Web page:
As waves of economic pain wash over South Africa, retirement savers are urged to pause and consider what they will lose before cashing out their entire savings pot.
Cashing out savings early denies investors the benefit of compound interest, the magnifying force that increases the value of an investment significantly in later years.
10X Investments’ third annual South African Retirement Reality Report (RRR20), published last month, describes the premature cashing out of retirement savings as a major contributing factor to South Africa’s retirement savings crisis.
The RRR20 acknowledges that cashing out savings is often the result of economic hardship and that more than half of the survey’s respondents indicated severe financial stress.
It is based on findings of the 2020 Brand Atlas Survey, that tracks and measures the lifestyles of the universe of 15.1 million economically active South Africans.
It points out that cashing out savings is not always a choice. For many who have lost a job, pension savings can be the only source of cash. It also notes that the lack of understanding about the effects of cashing out pension savings is a contributing factor for many.
“When you leave a job and cash in your pension you don’t only lose your accumulated savings, but also the return you would have earned on those savings for the rest of your working life,” said Asavela Gwele, client relationship associate at 10X Investments. “Over 20 or 30 years that amounts to a significant loss.”
She said that it is very difficult to make up this shortfall in later life. Those years’ worth of saving are essentially lost forever.
“Your pension savings pot might seem like an obvious emergency cash fund, but it is not,” Gwele said.
“Cashing out your savings is tantamount to borrowing from your older self, who will quite probably be less able than you are to weather the storm of not being able to pay the bills.”
There is no doubt that these are difficult times for many people, but if people knew what they stood to lose by cashing out early it seems that many would fight to preserve at least some of their savings.
The RRR20 notes that while Covid-19 and the lockdown have magnified South Africa’s retirement saving crisis by pushing people “who were teetering on the brink of disaster over that edge”, it has also been a wake-up call to many about how unprepared they are for a crisis.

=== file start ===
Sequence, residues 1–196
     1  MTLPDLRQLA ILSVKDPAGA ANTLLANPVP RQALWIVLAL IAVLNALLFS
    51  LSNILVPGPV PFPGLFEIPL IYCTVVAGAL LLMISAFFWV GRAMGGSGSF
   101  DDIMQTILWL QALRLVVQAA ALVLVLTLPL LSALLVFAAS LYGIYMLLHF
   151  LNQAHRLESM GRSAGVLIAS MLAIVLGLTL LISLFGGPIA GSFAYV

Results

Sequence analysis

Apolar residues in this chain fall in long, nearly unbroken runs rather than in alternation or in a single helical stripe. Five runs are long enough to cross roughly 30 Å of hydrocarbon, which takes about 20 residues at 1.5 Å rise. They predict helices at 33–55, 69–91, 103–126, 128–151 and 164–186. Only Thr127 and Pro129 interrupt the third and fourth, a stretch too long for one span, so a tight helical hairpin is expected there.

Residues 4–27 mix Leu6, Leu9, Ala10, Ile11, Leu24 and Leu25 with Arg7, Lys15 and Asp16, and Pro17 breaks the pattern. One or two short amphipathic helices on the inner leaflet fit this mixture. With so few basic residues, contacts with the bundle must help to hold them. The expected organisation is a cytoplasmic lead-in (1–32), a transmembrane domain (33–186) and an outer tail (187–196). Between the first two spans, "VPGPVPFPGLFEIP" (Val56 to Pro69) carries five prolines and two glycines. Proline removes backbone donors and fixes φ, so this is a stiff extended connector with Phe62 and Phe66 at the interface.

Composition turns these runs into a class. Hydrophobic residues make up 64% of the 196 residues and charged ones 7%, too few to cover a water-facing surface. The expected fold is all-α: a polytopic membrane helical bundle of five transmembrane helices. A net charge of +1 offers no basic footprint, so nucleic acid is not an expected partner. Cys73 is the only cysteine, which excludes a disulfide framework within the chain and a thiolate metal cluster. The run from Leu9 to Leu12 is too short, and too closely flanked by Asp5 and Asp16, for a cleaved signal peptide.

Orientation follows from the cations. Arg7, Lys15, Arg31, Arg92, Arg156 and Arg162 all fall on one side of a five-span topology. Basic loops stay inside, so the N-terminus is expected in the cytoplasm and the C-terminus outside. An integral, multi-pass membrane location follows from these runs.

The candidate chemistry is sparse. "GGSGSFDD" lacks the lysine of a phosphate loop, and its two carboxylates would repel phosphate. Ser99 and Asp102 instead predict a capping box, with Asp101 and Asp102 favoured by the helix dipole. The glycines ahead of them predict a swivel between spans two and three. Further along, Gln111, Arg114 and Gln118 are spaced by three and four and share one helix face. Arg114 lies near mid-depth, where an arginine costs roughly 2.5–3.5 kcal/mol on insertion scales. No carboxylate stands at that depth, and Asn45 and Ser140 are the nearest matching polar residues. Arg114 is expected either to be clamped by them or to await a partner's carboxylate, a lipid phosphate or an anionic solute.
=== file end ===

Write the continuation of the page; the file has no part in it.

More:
The report also makes it clear that corporate membership should be an opportunity for education as it found that more than half of those respondents who had a retirement savings plan had at some time belonged to a corporate retirement savings fund.
According to the RRR20, being part of the formal retirement saving system should mean that these respondents had been exposed to some structured information and training about their fund, retirement saving in general, and options available when leaving employment.
Yet, the proportion of people who said they had cashed out their savings when they had a chance suggests otherwise.
It revealed that 62% of those survey respondents who had left their corporate fund had cashed out their savings, rather than preserving some or all of it.
It makes it clear that a much better choice would have been to take their savings to their new employer’s fund or ring-fenced them (and the associated tax benefits) in a preservation fund, 10X said.
While highlighting how the global pandemic has magnified an already difficult situation in South Africa, the RRR20 also makes it clear that various game-changing factors remain within the control of individual savers. Not cashing out savings when changing jobs is one of the key factors.
This is not just a South African issue. In a note released in August, the World Economic Forum said: “Extra freedom has been allowed in some countries to draw from pension pots early, but this is like robbing Peter to pay Paul.”
Gwele said that even if you find yourself in financial difficulty and feel you have no choice but to dip into your retirement savings, it’s better to cash out only a small portion and save the rest for the long-term.
Cashing out will also expose you to tax. Only R25,000 withdrawn before your retirement date is tax-free; anything more is taxed at 18% or more.